They defy each and every law that exists and pick on the weak students just because they can. To them rules and regulations are viewed as barriers to their freedom and should be broken every chance they get. These children become generally rude to both teachers and fellow students. Are these the kind of kids we want to raise? They say that children are the leaders of tomorrow. If that is the case, are these the leaders we want to have in future?
The good news is that this whole situation can be kept under control. It is the duty of parents to manage media violence in their kids lives. For little ones, it is best to avoid shows, movies and games with too much violence content. Kids on their seven cant actually distinguish between fact and fantasy. Therefore, they will process a made up situation the same way they would a real one. Although it is hard to monitor everything the child watches; limiting their exposure by keeping track of what they are watching and playing can greatly reduce their exposure levels. It is a sad truth that one cannot manage to avoid all shows that depict media violence. This calls for finding those teachable moments with your kids to actually talk to them about it, discuss other ways the actor could have solved the problem without necessarily using violence (Merino, 2011).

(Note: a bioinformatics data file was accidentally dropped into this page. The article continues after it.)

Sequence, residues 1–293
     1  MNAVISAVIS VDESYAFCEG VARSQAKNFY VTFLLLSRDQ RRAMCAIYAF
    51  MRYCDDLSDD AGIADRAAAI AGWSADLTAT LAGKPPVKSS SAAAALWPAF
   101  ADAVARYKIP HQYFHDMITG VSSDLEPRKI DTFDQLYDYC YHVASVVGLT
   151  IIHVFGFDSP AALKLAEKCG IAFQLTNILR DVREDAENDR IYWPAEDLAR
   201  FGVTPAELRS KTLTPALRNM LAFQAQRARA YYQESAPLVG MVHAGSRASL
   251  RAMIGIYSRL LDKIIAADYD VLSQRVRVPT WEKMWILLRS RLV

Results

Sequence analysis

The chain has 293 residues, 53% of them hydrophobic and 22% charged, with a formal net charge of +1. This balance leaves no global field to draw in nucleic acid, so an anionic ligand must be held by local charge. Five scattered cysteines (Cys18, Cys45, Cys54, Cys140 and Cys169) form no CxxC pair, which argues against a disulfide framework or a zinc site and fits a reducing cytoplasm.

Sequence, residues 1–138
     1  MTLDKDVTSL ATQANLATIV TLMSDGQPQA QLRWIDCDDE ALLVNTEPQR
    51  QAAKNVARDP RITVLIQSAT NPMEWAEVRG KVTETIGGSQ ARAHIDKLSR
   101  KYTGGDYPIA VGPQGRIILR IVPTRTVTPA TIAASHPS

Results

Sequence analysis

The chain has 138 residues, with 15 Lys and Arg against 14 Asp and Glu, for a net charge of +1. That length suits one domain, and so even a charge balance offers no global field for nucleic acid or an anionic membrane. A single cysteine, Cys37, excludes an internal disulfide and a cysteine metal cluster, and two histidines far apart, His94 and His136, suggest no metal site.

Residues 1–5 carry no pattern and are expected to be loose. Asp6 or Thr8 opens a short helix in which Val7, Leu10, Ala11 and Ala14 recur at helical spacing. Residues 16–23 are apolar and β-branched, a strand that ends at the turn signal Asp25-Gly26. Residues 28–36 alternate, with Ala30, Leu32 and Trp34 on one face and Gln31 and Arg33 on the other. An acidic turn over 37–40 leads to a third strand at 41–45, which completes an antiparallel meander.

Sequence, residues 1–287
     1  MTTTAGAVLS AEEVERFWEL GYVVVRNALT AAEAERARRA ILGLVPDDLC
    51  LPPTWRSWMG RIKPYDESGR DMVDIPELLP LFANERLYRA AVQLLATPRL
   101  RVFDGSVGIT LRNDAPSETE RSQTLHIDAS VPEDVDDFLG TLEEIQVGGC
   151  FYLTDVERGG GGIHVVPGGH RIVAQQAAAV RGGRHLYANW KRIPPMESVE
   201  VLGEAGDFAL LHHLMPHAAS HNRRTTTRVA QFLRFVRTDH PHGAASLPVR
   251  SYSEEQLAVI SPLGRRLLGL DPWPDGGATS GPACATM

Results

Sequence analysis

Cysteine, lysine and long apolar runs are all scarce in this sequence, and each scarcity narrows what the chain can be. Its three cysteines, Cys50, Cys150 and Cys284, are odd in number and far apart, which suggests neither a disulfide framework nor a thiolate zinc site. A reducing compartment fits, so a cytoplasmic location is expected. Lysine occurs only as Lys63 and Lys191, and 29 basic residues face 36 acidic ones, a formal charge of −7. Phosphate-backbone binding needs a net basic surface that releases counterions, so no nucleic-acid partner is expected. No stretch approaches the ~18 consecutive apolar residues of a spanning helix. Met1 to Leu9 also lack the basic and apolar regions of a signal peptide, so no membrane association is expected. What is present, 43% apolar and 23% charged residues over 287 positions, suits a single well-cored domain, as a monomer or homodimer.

Berlatsky, N. (2012). Media violence. Detroit: Greenhaven Press.
Merino, N. (2011). Media violence. Farmington Hills: Greenhaven Press.